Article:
Been away for a while for a number of reasons.
I just read an article on slate.com the really got me thinking about what learning looks like and, therefore, what teaching means in this context. Read a great quote sometime ago that basically said teaching does not exist unless learning has happened. This is quite a challenge for us, obviously.
I shared the article with our AP Psch teacher and he said it was a valuable read and that he would share it in the future with his students. I think it’s worth a read, but if you don’t want to follow the link the article discusses a famous memory study subject who suffered damage to his hippocampus. This caused amnesia to set in but over the course of his life he was still able to form new memories of a certain sort. Here, I think is the interesting quote
After the motorcycle accident, K.C. lost most of his past memories and could make almost no new memories. But a neuroscientist named Endel Tulving began studying K.C., and he determined that K.C. could remember certain things from his past life just fine. Oddly, though, everything K.C. remembered fell within one restricted category: It was all stuff you could look up in reference books, like the difference between stalactites and stalagmites or between spares and strikes in bowling. Tulving called these bare facts “semantic memories,” memories devoid of all context and emotion.
I immediately thought of my AP Stats students who are always asked to report conclusions in context, but I also thought of my Calculus students. Both of these groups of students have a deep reserve of the qualities that usually mark a student as a good student. However, too often I have conversations where it is clear that much of what they have displayed as learning in many classes might not go much beyond the sort of semantic memories referred to in the pull out quote. Skill such as setting a derivative equal to zero when solving optimization problems, or running a two sample t test rather than a z test are often reduced simply to factual memory with no conceptual anchor. In stats when we ask about rejecting or failing to reject a hypothesis based on a reported, or calculated p value, it feels like a particular student should either ALWAYS get this decision right or ALWAYS get it wrong based on a conceptual idea about what the p value says. However, I have seen too many instances where this decision seems to boil down to not much more than a coin toss as the student tries to remember a rule. If the p value has a meaning related to probability, then the answer should be clear and consistent. It feels to me that the biggest challenge in teaching these days is to figure out how to help my students slow down and think. Really think about the ideas that they are working with. Too often they have been rewarded with good grades without reflecting on what they’ve learned and how it applies to anything. This sounds (and kind of feels) like a criticism of my students and my colleagues. I don’t intend it that way. I intend this as a question for me and my colleagues (both in my building and around the world) and my students to consider. How can we construct our classes in a way that helps to develop understanding for our students in a more meaningful, more permanent way? I certainly don’t pretend to know the answers. I know that the way I run my class works for some. It makes other crazy. Two super quick anecdotes, then I’m off to pick up my little girl.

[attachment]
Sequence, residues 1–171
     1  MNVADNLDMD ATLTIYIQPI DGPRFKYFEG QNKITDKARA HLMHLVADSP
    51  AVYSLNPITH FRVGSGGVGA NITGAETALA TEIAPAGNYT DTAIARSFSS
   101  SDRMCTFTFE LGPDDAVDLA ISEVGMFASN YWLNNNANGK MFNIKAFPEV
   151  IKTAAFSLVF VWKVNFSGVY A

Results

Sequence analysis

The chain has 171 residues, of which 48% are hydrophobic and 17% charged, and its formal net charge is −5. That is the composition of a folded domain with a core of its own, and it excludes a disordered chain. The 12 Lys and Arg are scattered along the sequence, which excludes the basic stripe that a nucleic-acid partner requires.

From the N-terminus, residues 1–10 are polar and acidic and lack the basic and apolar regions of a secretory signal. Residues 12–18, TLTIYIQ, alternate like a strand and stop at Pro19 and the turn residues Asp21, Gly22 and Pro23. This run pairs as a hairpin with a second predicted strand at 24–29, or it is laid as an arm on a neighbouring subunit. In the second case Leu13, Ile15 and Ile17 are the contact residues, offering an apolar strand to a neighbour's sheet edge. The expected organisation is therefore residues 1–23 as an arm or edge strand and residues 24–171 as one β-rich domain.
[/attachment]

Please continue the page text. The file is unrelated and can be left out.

- This year when I was reading my teacher/course evaluations that the students fill out I ran across a great written remark. One of the questions asks whether the instructor challenges the student to think critically about the subject matter. This student in question marked that he agreed with the statement and then wrote ‘TOO MUCH THINKING’ I hope that this was meant in a good natured way, but I DO know that I wear some of my students out with my questioning. They often ask me to just tell them HOW to solve the problem.
- Last year when we were wrapping up Calc BC and working in class on review material for the AP test two students were talking. They did not know I was close enough to hear (or they did not care) and one said to the other ‘last year I knew how to solve these but I had no idea why it worked.’
Here’s to the never-ending struggle to make this all meaningful.
“How can we construct our classes in a way that helps to develop understanding for our students in a more meaningful, more permanent way?” I love that you bring this up. I am working very hard in my Alg2/Trig classes to teach conceptually rather than formulaically, which puts me at odds with most of the other teachers in the department. Many teach so that students will be able to succeed on the NYS Regents exam, and many also believe that students who continue on to PreCalculus will delve into these topics in more depth. The students themselves just want “the rules” or “the notes”. But we have to continually try to find ways to present the students with opportunities to observe patterns, structure, and repeated reasoning (good old MP-7 and 8) in the content. I am convinced – or at least very hopeful – that the seeds I am planting will bear fruit for them in future math courses [ouch – sorry for pompous metaphor; couldn’t resist], if the underlying concepts aren’t completely clear to every student just yet. But it’s a lot of work, and continual work – every group of students is different, and there are always different ways to try and engage them – thank goodness for the #MTBoS.